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Editorial Plus

18 November, 2020

8 Min Read

GS-II : International Relations
Under Biden, security empathy, liberal antipathy

Under Biden, security empathy, liberal antipathy

By, Vivek Katju is a retired member of the Indian Foreign Service

Context

  • Mr. Biden has signalled that he will revert to the traditional norms and patterns of American foreign policy and, more so, its diplomacy.
  • The abrasive turbulence of the Donald Trump era will give way to calmer and predictable American policies.

What New Delhi can expect

  • India’s political and security elites have shed their inhibitions of a closer relationship with America.
  • China’s actions since April this year along the Line of Actual Control have strengthened the case of India-America defence and security cooperation.
  • India’s signing of all the foundational agreements and its full participation in the Quad did not attract domestic criticism; this would not have been so in the past.
  • It can also be expected that bilateral trade and immigration issues will positively move ahead from an Indian viewpoint under a Biden administration.
  • It is ironic that at a time when Indian and American interests are becoming increasingly congruent in the security sphere, there is a growing perception among American liberals that India is moving away from its foundational moorings.
  • In the earlier eras, while the security interests of the two countries diverged, the American system acknowledged a commonality in national values.
  • India’s democratic order was held as a good example for emulation by the developing world.
  • India then had the empathy of the liberals while there was antipathy in sections of the American establishment dealing with security.
  • Now, the opposite may happen.

The Obama phase

  • The Narendra Modi 1.0 government dealt with the Obama administration for the first half of its term and the very different Trump administration in the latter half.
  • Obama has condemned the lynching in the name of cow protection, religious tensions, and promotion of freedom of religion and human rights in his speech at the Siri fort.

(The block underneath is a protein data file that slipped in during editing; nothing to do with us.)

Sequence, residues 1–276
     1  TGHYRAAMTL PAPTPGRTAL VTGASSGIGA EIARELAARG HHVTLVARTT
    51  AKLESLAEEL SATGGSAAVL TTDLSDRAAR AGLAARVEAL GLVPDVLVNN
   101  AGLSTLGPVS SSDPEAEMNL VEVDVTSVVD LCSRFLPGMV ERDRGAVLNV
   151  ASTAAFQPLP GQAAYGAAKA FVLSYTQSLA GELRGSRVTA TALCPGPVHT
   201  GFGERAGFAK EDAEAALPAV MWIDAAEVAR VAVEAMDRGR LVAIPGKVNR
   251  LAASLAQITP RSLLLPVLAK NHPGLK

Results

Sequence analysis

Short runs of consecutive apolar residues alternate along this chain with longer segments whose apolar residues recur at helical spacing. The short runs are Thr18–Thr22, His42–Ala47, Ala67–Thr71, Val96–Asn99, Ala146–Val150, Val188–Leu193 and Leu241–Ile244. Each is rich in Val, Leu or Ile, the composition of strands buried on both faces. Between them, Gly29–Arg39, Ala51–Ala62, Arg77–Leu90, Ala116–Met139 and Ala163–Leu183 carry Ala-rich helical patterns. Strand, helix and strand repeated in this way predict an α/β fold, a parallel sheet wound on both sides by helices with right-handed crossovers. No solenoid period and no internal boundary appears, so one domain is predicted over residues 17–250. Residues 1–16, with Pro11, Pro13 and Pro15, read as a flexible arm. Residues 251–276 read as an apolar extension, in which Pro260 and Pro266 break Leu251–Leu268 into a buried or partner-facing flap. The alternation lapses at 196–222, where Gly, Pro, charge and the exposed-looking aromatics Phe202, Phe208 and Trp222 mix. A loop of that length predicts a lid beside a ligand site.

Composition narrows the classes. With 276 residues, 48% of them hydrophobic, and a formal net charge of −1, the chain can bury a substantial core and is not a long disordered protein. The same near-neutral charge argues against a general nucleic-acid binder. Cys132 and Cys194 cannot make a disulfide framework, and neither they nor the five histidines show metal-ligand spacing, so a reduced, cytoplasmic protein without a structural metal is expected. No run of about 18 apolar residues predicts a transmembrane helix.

Security, economy for Trump

  • The Trump administration was not concerned about human rights not only during the Narendara Modi 1.0 government but also after Modi 2.0 began.
  • It focused on the security and economic spheres though its officials made a few ineffectual noises on the administrative steps taken after the constitutional changes in Jammu and Kashmir (J&K) on August 5, 2019.
  • It largely and correctly implied that the constitutional changes were within India’s domestic jurisdiction.
  • However, some members of the Democratic Party and the liberal sections of the American media were deeply concerned with the detentions and other steps taken by the government to ensure peace in J&K.
  • These concerns grew with the Citizenship (Amendment) Act.
  • Congresswoman Pramila Jayapal who is of Indian origin and is a left of centre Democratic party member from Washington state.
  • She had introduced a resolution in the House of Representatives criticising the administrative steps taken in J&K after August 5 last year.
  • Mr. Jaishankar said that he was not interested in meeting her and went to the extent of cancelling a meeting with the leaders of the House Foreign Relations committee because Ms. Jayapal would have been present at the meeting.
  • Significantly, the U.S. Vice-President-elect, Kamala Harris, defended Ms. Jayapal and tweeted that she stood with her.

Rights issues on the horizon

  • It may not be as easy under the Biden dispensation to ignore American liberal opinion as it was during the Trump years.
  • They will bring a degree of pressure to bear on the administration to more vigorously pursue the issues of rights including minority rights with the Modi government.
  • The Biden administration will no doubt be partially responsive to these pressures and some lecturing can be expected.
  • Will the Modi government, on its part, continue to ignore the likes of Ms. Jayapal especially because of the certainty that on account of the Chinese challenge to world order, India-U.S. cooperation in security and defence will not slow down?

Way forward

  • Indian diplomacy must realise that it cannot promote the vision of sabkasaath, sabkavikas, sabkavishwas  without engaging the country’s foreign critics even those with seemingly closed minds. And is not opening closed minds the ultimate test of diplomacy?

 

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